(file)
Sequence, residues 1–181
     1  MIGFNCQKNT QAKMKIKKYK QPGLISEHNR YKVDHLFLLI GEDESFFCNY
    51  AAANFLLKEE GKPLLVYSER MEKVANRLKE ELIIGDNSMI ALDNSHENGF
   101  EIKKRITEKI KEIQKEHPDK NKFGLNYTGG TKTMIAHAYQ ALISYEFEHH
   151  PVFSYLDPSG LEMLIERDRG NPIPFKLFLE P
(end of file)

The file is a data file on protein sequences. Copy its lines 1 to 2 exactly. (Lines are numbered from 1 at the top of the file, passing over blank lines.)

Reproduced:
Sequence, residues 1–181
     1  MIGFNCQKNT QAKMKIKKYK QPGLISEHNR YKVDHLFLLI GEDESFFCNY